Our immune systems hold the power—the power, that is, to treat cancer. Composed of various types of cells, tissues, and organs, the immune system serves as more than the body's main defense against foreign invaders such as bacteria and viruses.
According to a study conducted by researchers at the Stanford University School of Medicine, injecting microscopic amounts of two immune-stimulating agents into solid tumors in mice can erase all traces of cancer in the animals. These cancer injections may also eradicate distant, untreated metastases.
Researchers believe minute applications of the agents may serve as a rapid and somewhat inexpensive form of cancer therapy with minimal side effects compared to full-body immune stimulation. “When we use these two agents together, we see the elimination of tumors all over the body,” said Ronald Levy, MD, professor of oncology. “This approach bypasses the need to identify tumor-specific immune targets and does not require wholesale activation of the immune system or customization of a patient's immune cells.”
One out of two of these agents gained approval for human use, while the second is still being tested for human use in unrelated clinical trials.
Cancer Immunotherapy consists of harnessing the capability of the immune system to combat cancer. Some methods rely on stimulating the immune system throughout the body, while others focus on naturally occurring checkpoints that restrict the anti-cancer activity of immune cells. Methods such as the CAR T-cell therapy remove the patient's immune cells for genetic engineering, allowing them to attack tumors in cells after re-insertion.
Though many of these approaches have been successful, they each have their challenges and downsides, including high costs and lengthy treatment preparations.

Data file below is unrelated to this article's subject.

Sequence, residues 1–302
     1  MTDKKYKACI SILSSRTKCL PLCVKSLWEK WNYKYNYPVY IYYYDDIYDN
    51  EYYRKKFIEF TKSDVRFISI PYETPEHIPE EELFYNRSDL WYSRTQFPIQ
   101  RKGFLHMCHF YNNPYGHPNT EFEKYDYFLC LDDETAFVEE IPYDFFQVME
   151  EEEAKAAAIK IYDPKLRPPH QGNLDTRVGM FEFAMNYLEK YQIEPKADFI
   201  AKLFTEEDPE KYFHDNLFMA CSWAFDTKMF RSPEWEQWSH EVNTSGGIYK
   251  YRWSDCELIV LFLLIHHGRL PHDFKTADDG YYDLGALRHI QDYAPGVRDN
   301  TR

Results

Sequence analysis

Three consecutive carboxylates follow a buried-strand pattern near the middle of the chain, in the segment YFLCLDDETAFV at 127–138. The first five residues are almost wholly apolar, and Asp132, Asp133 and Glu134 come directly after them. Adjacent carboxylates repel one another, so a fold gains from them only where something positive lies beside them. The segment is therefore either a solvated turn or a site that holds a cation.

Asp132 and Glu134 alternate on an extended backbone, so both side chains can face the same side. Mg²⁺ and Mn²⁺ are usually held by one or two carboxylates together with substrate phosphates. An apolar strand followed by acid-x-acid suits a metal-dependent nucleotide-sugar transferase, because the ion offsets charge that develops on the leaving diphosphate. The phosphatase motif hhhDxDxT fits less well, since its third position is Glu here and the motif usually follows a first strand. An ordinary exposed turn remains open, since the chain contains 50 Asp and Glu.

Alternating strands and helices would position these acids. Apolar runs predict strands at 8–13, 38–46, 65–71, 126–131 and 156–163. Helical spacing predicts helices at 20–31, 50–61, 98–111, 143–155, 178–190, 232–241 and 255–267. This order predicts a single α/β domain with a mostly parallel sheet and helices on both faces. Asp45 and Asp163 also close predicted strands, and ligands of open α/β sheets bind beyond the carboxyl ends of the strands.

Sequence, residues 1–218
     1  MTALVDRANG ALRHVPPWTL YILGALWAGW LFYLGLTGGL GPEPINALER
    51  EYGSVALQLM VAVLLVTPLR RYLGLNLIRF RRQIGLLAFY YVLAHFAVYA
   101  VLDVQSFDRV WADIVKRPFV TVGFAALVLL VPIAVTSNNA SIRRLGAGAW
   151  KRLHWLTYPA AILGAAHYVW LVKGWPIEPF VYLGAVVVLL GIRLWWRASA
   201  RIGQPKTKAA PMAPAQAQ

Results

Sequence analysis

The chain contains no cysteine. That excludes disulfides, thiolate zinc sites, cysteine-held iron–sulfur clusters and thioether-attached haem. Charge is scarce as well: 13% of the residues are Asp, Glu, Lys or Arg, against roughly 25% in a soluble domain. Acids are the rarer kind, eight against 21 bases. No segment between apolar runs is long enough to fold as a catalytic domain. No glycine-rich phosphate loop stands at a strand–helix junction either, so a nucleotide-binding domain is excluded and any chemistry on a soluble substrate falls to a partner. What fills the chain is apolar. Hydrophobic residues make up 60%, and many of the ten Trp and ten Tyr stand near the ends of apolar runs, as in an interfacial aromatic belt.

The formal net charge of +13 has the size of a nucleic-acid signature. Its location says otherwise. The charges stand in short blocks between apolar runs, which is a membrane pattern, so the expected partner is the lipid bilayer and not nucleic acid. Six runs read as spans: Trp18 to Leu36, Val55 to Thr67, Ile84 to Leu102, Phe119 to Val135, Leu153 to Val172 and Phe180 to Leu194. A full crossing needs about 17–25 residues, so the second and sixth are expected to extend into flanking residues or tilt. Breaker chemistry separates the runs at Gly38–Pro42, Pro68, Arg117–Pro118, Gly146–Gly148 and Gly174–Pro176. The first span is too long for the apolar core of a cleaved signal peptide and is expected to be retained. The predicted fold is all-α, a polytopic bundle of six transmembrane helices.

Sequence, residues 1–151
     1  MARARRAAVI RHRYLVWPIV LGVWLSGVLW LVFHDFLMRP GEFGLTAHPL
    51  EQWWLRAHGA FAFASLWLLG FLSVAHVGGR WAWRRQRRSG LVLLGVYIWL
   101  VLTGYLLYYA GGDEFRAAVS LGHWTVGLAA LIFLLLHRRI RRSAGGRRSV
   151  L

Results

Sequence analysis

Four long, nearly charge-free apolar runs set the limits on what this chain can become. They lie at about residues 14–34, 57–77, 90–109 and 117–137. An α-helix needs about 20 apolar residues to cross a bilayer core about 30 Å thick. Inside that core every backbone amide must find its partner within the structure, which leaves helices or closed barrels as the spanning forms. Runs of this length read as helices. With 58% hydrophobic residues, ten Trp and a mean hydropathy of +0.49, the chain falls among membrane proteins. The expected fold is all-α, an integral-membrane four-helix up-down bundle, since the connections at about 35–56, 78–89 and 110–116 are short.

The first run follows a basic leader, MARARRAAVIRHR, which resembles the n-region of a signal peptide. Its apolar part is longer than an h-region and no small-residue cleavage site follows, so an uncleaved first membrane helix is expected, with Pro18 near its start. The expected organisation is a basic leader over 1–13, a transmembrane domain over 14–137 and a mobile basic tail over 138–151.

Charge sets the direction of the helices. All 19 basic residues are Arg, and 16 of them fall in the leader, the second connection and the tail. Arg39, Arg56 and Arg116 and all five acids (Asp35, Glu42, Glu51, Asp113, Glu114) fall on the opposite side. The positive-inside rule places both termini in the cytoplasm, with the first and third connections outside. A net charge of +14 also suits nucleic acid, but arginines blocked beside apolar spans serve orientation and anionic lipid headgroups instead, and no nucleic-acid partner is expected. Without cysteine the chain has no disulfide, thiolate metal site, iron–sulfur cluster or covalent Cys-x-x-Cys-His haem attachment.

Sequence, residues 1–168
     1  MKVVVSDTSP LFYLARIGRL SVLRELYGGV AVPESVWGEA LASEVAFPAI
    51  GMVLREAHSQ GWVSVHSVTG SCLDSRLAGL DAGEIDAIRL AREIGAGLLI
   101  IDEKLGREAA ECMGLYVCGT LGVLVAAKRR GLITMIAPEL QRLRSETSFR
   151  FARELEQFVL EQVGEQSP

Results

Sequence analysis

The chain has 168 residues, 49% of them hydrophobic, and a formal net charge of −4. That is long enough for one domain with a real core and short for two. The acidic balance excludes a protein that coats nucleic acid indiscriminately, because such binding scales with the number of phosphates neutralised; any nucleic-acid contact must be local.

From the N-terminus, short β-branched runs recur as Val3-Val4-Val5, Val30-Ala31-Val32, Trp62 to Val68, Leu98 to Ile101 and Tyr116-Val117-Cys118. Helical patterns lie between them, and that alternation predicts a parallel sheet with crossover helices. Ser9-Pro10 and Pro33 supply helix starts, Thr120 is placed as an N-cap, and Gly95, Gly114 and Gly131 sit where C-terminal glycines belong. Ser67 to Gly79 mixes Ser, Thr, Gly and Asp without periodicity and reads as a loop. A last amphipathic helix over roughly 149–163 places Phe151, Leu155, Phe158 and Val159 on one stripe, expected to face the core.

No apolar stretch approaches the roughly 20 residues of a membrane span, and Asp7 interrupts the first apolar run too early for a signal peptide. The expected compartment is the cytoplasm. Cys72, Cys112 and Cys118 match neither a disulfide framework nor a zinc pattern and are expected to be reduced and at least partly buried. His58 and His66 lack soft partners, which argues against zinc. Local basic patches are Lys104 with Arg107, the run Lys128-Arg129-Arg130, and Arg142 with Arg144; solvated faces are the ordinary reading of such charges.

“All of these immunotherapy advances are changing medical practice,” Levy said. “Our approach uses a one-time application of very small amounts of two agents to stimulate the immune cells only within the tumor itself. In mice, we saw amazing, body-wide effects, including the elimination of tumors all over the animal.”
Cancer often takes on a confusing role concerning the immune system. Immune cells such as T-cells recognize and attack the abnormal proteins frequently present with cancer tumors. Unfortunately, the tumor often formulates a way to suppress the activity of these cells as it grows. Levy's method aims to reactivate the T-cells by injecting minimal amounts of two agents directly into the tumor. One agent, called CpG oligonucleotide, works with other immune cells in proximity to expand the creation of an activating receptor termed OX40 on the exterior of the T-cells. The second agent is an antibody that binds to OX40 and activates T-cells to combat cancer cells. Some activated T-cells then exit the original tumor to find and destroy other equal tumors throughout the body.
Effect on Animal Cancers
This approach has been tested on laboratory mice with transplanted mouse lymphoma tumors in two areas of the body, working significantly well. The results showed that injecting one tumor site with both agents resulted in the regression of the treated tumor and the second untreated tumor. Following this procedure, 87 out of 90 mice were cured of cancer. The three remaining mice with recurring cancer received a second treatment, curing their tumors. Mice with breast, colon, and melanoma tumors bore similar positive results.
The current clinical trial expects to recruit about fifteen individuals with low-grade lymphoma. Levy believes the treatment could be helpful in many tumor types if successful. “I do not think there is a limit to the type of tumor we could potentially treat, as long as the immune system has infiltrated it,” Levy said. Levy hopes for a future where clinicians inject the two agents into solid tumors in humans before surgical removal of cancer as means to block recurrence due to unidentified metastases or lingering cancer cells.